CCNV picketed supermarkets and held sit-ins in dumpsters. When Giant started locking the dumpsters, claiming the food was unsafe, CCNV dispatched 28 members -- exactly the number of seats in the waiting room of Giant's corporate headquarters -- to meet with officials.
Giant refused the meeting and had protesters arrested when they refused to leave.
Several weeks later, during a radio show, Snyder suggested to Giant spokesman Barry Scher that the food be given to the Capital Area Community Food Bank, not CCNV, to distribute.
Giant agreed and the program became a national prototype. Giant earned corporate kudos, and every month more than 50,000 pounds of food that had once been discarded feeds the hungry.
"A very bad situation initially turned into a very positive program for Giant," said Scher. "We owe it to Mitch and his people for making us see the light. Even though they were difficult to work with, they did have some good suggestions."
"They really did our dirty work," said food bank director Rick Stack. "We were trying to mildly cajole Giant , whereas CCNV's style was much more aggressive."
Strategy and tactics -- whether to release cockroaches or begin a public fast -- are hashed out at frequent meetings. It took months to decide whether to get more than one phone line, but a decision about who can become a member is an uncomplicated process requiring a consensus.
At one recent session members agreed that although the "roach action" might anger some people, it was humorous and not as alienating as blood-pouring. Most importantly it was a graphic reminder that only cockroaches might survive a nuclear war.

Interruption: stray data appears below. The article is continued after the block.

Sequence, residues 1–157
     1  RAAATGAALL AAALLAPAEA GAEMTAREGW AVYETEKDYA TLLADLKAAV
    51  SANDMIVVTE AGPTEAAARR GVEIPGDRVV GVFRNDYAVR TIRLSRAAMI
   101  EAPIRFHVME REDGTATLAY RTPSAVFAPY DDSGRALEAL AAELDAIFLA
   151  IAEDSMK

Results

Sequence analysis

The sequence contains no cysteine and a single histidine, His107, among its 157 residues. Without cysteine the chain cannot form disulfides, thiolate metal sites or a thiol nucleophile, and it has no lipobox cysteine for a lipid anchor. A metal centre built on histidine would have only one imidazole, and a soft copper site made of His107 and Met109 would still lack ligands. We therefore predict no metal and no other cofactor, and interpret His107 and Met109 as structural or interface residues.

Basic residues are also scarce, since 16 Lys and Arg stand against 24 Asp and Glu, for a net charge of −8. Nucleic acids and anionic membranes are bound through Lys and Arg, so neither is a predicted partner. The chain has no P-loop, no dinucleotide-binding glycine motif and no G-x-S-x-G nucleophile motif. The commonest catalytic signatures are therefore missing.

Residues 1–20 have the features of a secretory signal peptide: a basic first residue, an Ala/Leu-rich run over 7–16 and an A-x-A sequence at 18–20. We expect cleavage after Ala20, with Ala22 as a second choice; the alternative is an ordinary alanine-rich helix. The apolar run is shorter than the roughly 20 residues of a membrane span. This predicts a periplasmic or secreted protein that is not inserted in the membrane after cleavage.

Often the focus is more mundane: how to clean the wok, whether the tangerine mesh curtains should go to a men's dorm known as "the swamp."
"Living in community is a lot like being married, except to 15 different people," Fennelly observed. "People come in with all sorts of idealistic notions just like when you first fall in love. In order to stay here, you have to shed those notions and fall in love a second time. Reality sets in when you start living with people and see how they squeeze the toothpaste."
Sometimes she wonders what impact her life style has on her teen-aged children, both of whom yearn to be middle class and live alone. She regards their aspirations -- her daughter wanted to join ROTC, her son is a breakdancer -- with the same baffled disapproval with which her Orange County Republican parents view her "downward mobility."
"There are times when I'd give my eyeteeth to be a normal person and live in a house alone with my kids, but I can't do that," she said. "Mitch and I have never had a normal male-female relationship." Last summer they took a Reaganville tent to Chincoteague to camp, their first night alone in five years. "It was really strange," she recalled. "Even then someone recognized Mitch."
Nevertheless, Fennelly, who left CCNV for a year to work with the poor in Los Angeles, fervently believes in what she is doing.
"As individuals, we could not do anything," she said. "We are a moment in time, we're doing a task and paying a very high price for it. God has called us together and we're burning the candle at both ends. But while we're burning we're going to shed a lot of light where there isn't any.